Roadhouse Cinema Helps the Hearing Disabled

Many people who are hearing disabled find that watching a movie is a struggle, just to make out what the actors are saying. Awkward captioning devices that plugged into a seat cupholder were a mediocre solution. Most hearing aids don’t work with the old-fashioned hearing loop induction service. But Now, thanks to the Roadhouse Cinema in Tucson, there are on-screen captions for movies that makes the cinema a joy again.

AMC Theaters offer open captions.

The captioning is available on Wednesdays for movies before 5:00 p.m. The improvement was made after the Arizona deaf and blind community along with senior citizens made the request.

Tucson now has at least six movie theaters that offer open captions:

Biden a friend to hearing disabled

President Biden has long been a friend to the hearing disabled. President Biden’s Executive Order on Promoting Competition in the American Economy called on the Food and Drug Administration (FDA) to make hearing aids available over the counter, without a prescription. Then the FDA established a new category of over-the-counter (OTC) hearing aids for adults 18 years of age and older that went into effect in 2022.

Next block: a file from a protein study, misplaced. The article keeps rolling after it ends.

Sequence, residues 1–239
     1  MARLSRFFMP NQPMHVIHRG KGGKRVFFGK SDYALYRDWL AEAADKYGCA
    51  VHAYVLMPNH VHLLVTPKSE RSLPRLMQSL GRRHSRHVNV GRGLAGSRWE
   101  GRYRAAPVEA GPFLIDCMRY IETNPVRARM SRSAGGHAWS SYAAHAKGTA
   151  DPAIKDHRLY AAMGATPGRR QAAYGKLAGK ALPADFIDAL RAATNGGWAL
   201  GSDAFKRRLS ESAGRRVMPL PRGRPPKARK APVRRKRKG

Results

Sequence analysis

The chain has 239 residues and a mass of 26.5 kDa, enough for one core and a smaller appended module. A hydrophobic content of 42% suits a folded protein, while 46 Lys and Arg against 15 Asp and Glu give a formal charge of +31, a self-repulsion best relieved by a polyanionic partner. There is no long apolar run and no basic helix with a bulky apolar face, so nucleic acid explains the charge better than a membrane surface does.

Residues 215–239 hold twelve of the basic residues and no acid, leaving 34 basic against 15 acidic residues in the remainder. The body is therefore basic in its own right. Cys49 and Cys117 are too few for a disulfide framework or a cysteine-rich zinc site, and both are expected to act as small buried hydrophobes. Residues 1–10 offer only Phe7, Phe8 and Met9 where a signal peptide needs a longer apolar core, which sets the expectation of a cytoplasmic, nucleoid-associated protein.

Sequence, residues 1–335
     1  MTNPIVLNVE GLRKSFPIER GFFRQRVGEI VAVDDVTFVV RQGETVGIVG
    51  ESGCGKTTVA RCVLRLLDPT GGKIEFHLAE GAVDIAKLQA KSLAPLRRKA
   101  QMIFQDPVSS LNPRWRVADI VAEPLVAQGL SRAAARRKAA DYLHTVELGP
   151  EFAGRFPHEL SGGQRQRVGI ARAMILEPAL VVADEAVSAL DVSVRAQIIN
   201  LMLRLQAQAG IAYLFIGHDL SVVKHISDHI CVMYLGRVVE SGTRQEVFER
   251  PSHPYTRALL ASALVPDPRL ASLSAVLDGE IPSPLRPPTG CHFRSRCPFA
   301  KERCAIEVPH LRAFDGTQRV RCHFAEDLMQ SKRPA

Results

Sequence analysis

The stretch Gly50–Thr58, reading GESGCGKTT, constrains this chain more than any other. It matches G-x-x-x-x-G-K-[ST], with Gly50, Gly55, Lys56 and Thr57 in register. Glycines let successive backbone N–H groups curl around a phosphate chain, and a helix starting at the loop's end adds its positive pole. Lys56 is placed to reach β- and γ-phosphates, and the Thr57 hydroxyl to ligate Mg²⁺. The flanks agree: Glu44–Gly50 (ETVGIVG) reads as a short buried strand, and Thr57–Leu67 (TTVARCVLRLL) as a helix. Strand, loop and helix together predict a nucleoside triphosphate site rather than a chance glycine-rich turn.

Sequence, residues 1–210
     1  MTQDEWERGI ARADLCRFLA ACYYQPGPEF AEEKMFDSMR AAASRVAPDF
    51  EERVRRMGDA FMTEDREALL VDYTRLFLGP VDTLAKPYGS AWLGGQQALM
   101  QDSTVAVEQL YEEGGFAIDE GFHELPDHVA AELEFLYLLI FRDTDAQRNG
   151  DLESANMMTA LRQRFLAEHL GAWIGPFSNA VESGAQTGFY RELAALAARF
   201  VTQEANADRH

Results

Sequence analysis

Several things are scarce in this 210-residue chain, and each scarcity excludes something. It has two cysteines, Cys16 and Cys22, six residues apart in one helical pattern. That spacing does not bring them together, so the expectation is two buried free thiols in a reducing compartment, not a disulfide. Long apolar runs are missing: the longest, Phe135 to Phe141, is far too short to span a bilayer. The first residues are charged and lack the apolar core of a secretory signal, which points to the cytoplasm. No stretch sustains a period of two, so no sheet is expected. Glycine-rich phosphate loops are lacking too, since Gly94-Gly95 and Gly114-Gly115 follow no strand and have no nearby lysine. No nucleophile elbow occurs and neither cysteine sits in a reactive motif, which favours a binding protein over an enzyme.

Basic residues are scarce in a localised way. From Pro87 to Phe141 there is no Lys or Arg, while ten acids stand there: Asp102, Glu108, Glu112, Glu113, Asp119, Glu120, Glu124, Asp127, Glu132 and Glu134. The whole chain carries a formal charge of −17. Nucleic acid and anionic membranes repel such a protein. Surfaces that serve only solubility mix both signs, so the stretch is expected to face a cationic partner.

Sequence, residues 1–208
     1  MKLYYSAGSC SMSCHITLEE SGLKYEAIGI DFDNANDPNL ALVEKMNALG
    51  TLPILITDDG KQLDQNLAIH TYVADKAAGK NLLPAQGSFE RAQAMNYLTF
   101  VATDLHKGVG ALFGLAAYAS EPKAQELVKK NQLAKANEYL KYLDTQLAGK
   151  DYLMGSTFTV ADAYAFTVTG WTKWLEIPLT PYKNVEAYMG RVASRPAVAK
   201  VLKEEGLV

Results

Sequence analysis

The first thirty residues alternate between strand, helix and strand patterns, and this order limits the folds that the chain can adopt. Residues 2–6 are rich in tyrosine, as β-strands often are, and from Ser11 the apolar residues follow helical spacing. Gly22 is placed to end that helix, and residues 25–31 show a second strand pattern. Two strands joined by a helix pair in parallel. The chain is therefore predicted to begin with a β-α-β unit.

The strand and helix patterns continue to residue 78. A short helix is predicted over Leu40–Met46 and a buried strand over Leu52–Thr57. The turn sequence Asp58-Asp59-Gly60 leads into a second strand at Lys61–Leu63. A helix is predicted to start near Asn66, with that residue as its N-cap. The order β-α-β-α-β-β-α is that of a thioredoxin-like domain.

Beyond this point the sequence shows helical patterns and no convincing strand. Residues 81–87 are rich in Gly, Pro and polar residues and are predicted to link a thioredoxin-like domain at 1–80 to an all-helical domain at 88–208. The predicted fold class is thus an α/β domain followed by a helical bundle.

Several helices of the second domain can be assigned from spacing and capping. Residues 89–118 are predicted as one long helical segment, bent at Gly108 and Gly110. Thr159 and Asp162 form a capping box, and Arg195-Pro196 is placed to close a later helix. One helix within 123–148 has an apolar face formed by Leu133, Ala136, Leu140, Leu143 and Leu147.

“In the executive order I issued, I called on the FDA to finally make hearing aids available over the counter,” Biden said. “This action makes good on my commitment to lower costs for American families, delivering nearly $3,000 in savings to American families for a pair of hearing aids and giving people more choices to improve their health and wellbeing.”

The impact of hearing loss

44% of Arizona’s 1,260,659 Democrats 50 years older or more. As a lifelong Democratic voter, I am proud of the party’s strong support of hearing disabled people.

Nearly 10 million Americans are hard of hearing. According to the Western Interstate Commission for Higher Education, Arizona has 493,969 people who are deaf or hard of hearing. The impacts of hearing loss can be profound. They include a loss of the ability to communicate with others, which can lead to social isolation, loneliness and frustration, particularly among older people with hearing loss.

Hearing loss is a common problem caused by loud noise, aging, disease, and genetic variations. About one-third of older adults have hearing loss, and the chance of developing hearing loss increases with age. People with hearing loss may find it hard to have conversations with friends and family. They may also have trouble understanding a doctor’s advice, responding to warnings, and hearing doorbells and alarms.